The Lou Marsh Legacy - Honouring Canada's Top Athletes

Bob Pearce



Photograph of rower Bob Pearce

Photograph of rower Bob Pearce

Canada's Sports Hall of Fame

Diamond Sculls at Henley

“I have won the Diamond Sculls at Henley and two Olympic titles, but my dearest wish was to some day be considered good enough to have my name carved on the Lou Marsh Memorial trophy. Lou was a good friend of mine and I miss him so along the waterfront. To have my name in Lou’s column—that indeed is an honour.” Gibb, Alexandrine. (1938, December 30). Bobby Pearce is Awarded Lou Marsh Memorial Trophy. Toronto Star, p.8.

On September 25th, 1936, distinguished guests from every field of sport gathered in the Toronto Star library to announce the creation of the Lou Marsh Memorial Award. Bobby Pearce was there in tribute to his late friend. It’s really no surprise that Lou Marsh and Bobby Pearce were once kindred spirits. Both were considered ‘madmen’ of the water and of course Lou admired great sportsmen the likes of Pearce.

Indeed, from the time the powerful sculler immigrated to Canada after competing with his native Australian team at the British Empire Games in Hamilton in 1930, he was a gift to the Dominion and a windfall to every sportswriter of the day.

In 1931 he claimed the Diamond Sculls title, the oldest continually held athletic event in the world, contested since 1832 at the town of Henley-on-Thames in England. Pearce easily defended his 1928 Olympic title in the singles sculls at the 1932 Olympic Games in Los Angeles, and then turned professional. In 1933 he claimed the World Sculling Championship in Toronto on a three mile course over Ted Phelps of Great Britain. The Sculling Control Board of England cried fowl and deemed it an un-sanctioned race. Undaunted, Bobby took on all comers in 1934 trouncing American Bill Miller, the silver medalist in Los Angeles in 1932. Pearce, the undisputed World Champion would have to wait four more years to contest the title again in front of a home crowd at the C.N.E. on the Toronto shoreline.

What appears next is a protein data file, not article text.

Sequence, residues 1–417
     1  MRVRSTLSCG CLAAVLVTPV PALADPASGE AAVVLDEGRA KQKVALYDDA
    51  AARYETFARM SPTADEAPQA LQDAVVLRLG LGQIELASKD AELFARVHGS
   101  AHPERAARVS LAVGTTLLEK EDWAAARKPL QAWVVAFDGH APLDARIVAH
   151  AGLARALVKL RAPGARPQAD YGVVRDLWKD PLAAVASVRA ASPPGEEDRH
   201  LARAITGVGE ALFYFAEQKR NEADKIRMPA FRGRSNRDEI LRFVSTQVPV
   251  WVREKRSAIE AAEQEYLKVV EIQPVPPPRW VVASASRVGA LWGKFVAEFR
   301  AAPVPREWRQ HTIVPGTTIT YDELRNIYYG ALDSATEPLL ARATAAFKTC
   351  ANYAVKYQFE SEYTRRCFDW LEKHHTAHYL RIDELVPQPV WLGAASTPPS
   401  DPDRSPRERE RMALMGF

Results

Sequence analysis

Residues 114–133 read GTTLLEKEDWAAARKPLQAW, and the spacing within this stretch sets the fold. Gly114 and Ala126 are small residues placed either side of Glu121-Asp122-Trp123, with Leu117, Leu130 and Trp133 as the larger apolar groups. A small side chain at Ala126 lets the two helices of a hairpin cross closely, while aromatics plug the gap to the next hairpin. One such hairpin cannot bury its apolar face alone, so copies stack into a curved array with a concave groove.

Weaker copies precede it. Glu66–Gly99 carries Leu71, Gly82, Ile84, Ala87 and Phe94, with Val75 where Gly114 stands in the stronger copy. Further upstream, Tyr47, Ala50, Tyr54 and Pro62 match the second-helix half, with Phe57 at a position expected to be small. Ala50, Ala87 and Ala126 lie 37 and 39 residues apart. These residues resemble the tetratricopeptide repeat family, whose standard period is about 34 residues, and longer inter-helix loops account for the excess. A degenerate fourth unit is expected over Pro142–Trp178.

In 1938, at the age of 32, Pearce was still one unbelievably tough man. Having been seen on occasion, breaking ice to get his scull into open water, he gave a shivering reporter and rowing insiders their first chance to size up the burly Aussie that spring. At the Leander Rowing club on a rainy wind-whipped Hamilton Bay in April, Pearce entered the chilly waters in only a pair of swimming trunks and battled whitecaps in a solo three mile time-trial – nearly impossible conditions that would have scuttled an attempt by any other mortal.

And that’s just about how he finished his undefeated professional career. This time, 15,000 shivering but delighted C.N.E. fans watched Bobby Pearce take home his third World Sculling Championship. It was on a cool September evening, in stiff winds and choppy waters along the Lake Ontario waterfront, that Pearce decidedly defeated young Evans Paddon of Australia by eight lengths – even after visibly relaxing his stroke for the last quarter-mile of the three-mile race.

Pearce received that most cherished honour and the trophy bearing his friend’s name. In 1938 many claimed Bobby Pearce to be the best oarsman of all time, and certainly the greatest of the last decade.



Amsterdam Olympic Games - Gold medal, single sculls, (competing for Australia)
Gold medal, single sculls, British Empire Games (competing for Australia)
Diamond Sculls Title, Henley-on-Thames
Los Angeles Olympic Games - Gold medal, single sculls, (competing for Australia)
1933 - 1948
World Champion, single sculls
Lou Marsh Trophy Memorial Award